Slack intern curriculum supports intern preparedness and bridges curriculum gaps due to COVID-19 pandemic
Chan JC, Davenport M, Schmitt TW, Lee HM, Abbas T, Hayes AK, Adamakos FJ, Axelson DJ, and Salvo MB. Slack intern curriculum supports intern preparedness and bridges curriculum gaps due to COVID-19 pandemic. Academic Emergency Medicine 2021; 28(SUPPL 1):S346-S347.
Academic Emergency Medicine
Background and Objectives: Transitioning to residency involves translation of academic knowledge into clinical acumen, and is complicated by variable medical school experiences. The COVID-19 pandemic presented a new challenge by displacing students from clinical rotations. Virtual educational modalities such as the Slack Intern Curriculum (SIC) have increased newly-matched pre-intern perceived preparedness (PP) for residency in prior years, but the SIC had never been implemented or evaluated in a pandemic with disrupted medical education. Assess the effectiveness of social media implementation of an Accreditation Council for Graduate Medical Education (ACGME) milestone-based curriculum during the spring 2020 U.S. COVID-19 surge. The hypothesis is that pre-interns will report improvements in PP regarding multiple ACGME milestone topics.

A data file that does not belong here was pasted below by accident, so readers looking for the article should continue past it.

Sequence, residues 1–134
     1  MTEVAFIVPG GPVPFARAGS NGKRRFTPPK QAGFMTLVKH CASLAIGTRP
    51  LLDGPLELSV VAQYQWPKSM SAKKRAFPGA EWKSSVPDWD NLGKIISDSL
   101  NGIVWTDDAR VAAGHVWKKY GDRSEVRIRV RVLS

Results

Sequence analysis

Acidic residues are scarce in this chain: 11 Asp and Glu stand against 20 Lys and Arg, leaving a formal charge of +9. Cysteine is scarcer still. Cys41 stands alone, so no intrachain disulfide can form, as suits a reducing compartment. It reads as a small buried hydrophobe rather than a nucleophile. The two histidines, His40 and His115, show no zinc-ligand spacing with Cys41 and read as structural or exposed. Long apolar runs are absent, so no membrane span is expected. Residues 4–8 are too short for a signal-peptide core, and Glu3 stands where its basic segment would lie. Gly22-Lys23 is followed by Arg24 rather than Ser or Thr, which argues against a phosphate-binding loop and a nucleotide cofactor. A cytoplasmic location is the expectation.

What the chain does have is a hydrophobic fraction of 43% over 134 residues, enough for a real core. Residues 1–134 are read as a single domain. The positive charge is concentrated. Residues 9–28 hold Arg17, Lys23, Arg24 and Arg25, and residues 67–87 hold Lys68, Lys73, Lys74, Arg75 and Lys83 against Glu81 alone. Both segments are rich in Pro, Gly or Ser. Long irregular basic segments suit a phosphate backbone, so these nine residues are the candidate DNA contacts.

Methods: The SIC was constructed using topics from 8 ACGME milestones in emergency medicine (EM), incorporated into 8 clinical scenarios. Residency recruitment occurred via national EM listservs; of 276 programs, 27 enrolled. Curricular implementation was on Slack workspaces. Cases included stimulus images and clinical questions. Ample discussion time, answers, and resources were provided. Trends in PP were calculated with descriptive statistics and the Wilcoxon Rank Sum test.
Results: Of 311 total pre-interns contacted, 289 (92.9%) completed a presurvey in April/May 2020, and 240 (77.2%) completed a post-survey in June/July 2020; an 83.9% follow-through rate. Pre-interns reported statistically significant increases in PP both overall and regarding 14 of 21 milestone topics, including the areas of diagnosis, pharmacotherapy, disposition, airway management, and procedures.
Conclusion: Amidst the educational disruption of the COVID-19 pandemic, pre-interns participating in the SIC reported statistically significant increases in PP. Limitations include absence of control or pre-pandemic data. Future directions include adapting the SIC to other specialties' ACGME milestones for generalizability across all fields.